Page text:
Subject: Re: The reason for securelevel
To: Travis H. <firstname.lastname@example.org>
From: Elad Efrat <elad@NetBSD.org>
Date: 01/29/2006 12:40:58
Travis H. wrote:
> I like fine-grained control. What do you think about it with regard
> to the access granted to processes and programs?
not sure i understand the question; are you asking "how do you build
a secure system"? :)
> ``The expressiveness of our system includes both Discretionary and
> Mandatory Access Controls (DACs) and (MACs).'' Hmmm. Didn't you say
> you thought MAC was a waste of time?
what i said is this:
"some are for creating secure infrastructure to build on. some are
proven exploit mitigation techniques. the goal? focus on having the
implementation be able to do a large variety of things, and changing
the interface to fit the user -- where possible, of course."
> Well, I'd still like to hear the argument against MAC.
- it's easy to lock yourself out
- very few people understand it (and some people who think they
understand it -- don't)
- i haven't seen an easy way to generate policies
- i know only one person who actually uses it correctly (and he's
a bit.. hysteric :)
> I can see how
> the total access required by a typical application could be big enough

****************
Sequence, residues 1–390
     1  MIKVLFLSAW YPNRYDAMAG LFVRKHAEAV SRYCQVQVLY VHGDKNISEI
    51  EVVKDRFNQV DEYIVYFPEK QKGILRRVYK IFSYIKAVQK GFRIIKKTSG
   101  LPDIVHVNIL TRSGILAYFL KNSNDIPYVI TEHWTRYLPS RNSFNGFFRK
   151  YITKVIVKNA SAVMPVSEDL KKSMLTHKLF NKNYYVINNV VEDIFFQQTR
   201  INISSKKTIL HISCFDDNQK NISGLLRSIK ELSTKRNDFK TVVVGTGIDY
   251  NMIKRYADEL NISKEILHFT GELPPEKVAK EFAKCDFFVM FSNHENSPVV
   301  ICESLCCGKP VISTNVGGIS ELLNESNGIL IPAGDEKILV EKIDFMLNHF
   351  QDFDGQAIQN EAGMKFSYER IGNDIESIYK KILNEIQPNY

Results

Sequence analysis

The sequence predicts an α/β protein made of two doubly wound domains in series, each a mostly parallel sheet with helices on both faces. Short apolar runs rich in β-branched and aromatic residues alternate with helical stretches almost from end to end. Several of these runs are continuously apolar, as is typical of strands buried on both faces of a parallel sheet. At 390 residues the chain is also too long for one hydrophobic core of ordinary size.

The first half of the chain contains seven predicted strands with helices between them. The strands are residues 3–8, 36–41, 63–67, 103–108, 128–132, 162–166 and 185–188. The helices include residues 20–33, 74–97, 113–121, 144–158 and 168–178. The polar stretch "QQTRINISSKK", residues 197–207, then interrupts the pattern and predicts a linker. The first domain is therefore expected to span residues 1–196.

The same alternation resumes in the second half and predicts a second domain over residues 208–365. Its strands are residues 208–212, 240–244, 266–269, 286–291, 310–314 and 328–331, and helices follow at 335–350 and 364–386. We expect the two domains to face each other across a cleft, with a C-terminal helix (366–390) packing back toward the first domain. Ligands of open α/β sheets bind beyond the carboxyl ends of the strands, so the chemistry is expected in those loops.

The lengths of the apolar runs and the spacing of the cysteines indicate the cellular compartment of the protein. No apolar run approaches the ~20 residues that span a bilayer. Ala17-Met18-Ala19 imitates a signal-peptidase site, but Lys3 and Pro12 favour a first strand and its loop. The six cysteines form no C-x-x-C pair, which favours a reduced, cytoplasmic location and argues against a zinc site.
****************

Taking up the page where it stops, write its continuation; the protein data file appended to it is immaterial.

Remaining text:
> that compromise could do a fair amount of damage anyway.
> certainly limiting processes or programs to the minimum access they
> need can't be an altogether bad thing?
> I implement that for network-based security
> with packet filters, but there's no equivalent for host-based
> security, at least in NetBSD (last time I checked -- perhaps systrace
> is available now I really don't know).
it is and can be used to easily do what you want.
btw: can you identify one crucial problem with systrace and selinux?
note that you're wasting a lot of time here... instead of keeping
on-topic, you diverted the discussion to "what's wrong with MAC". right
now netbsd can't do it, and we have two choices: code that can be used
to do both DAC and MAC (among other things) based on kernel
authorization, and code that can do only MACs (which are not the
ultimate solution to the world's security problems, as you'll agree with
let's keep the "what's better" arguments to when we can actually do